Gardner says she has focused on violence and the "crime drivers" who are responsible for the bulk of the city's mayhem: "We want to identify those individuals and prosecute those individuals to the fullest."

In a growing number of cases, however, the Circuit Attorney's Office doesn't prosecute them at all. Instead, Gardner has been handing off cases to the feds. Under new U.S. Attorney Jeff Jensen, federal prosecutors in St. Louis have nearly doubled their criminal caseload. Between January and June, 2,389 defendants were charged in the federal system, compared to 1,444 during the same period last year. Meanwhile, Gardner's office is on pace for about 4,600 cases in 2018, a drop from the roughly 5,500 notched by Joyce's prosecutors in 2015.

Jensen says his office and the circuit attorney's are in contact nearly every day, talking about cases and strategies. "The close coordination between the supervisors has never been as close as it is now," Jensen says.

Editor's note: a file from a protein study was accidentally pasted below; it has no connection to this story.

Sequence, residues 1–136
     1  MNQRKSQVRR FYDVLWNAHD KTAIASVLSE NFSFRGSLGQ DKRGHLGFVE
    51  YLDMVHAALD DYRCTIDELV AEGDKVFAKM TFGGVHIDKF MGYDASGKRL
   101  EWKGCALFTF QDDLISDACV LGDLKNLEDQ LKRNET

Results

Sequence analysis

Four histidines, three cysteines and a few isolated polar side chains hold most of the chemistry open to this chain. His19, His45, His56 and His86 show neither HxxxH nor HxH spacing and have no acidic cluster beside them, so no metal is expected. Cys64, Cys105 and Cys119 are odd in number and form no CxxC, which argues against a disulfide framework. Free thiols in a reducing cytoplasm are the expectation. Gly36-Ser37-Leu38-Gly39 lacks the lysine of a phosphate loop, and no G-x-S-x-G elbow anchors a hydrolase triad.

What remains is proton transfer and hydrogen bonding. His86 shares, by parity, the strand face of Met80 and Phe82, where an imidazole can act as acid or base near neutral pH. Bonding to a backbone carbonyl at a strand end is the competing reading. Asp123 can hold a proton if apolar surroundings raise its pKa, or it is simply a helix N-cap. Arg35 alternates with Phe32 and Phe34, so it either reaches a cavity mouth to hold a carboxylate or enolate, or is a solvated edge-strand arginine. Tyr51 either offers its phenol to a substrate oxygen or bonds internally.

And while critics grouse that the feds are just cleaning up for an inept local prosecutor, Jensen says Gardner is off to a good start. He says his office has the benefit of greater resources, including an excellent probation department, leading to far lower recidivism rates.

The feds also have the hammer of far harsher sentences. There is no parole in the federal system, and there is also no local federal prison. That means a robber who might have done less than ten years down the road in Pacific could spend twice as much time at a facility in Michigan or Texas, far away from family visits.

At the same time, Jensen says he and Gardner both work with the Urban League, Better Family Life and other social-service organizations to promote alternatives to the crime and punishment.

Gardner says she is also working closely with the police department's gang officers to build new intel while also expanding a Crime Strategies Unit to focus on the city's most violent offenders.

"At the same time," she says, "we also have to reduce harm by making sure we don't put the wrong people in the system with this heavy touch."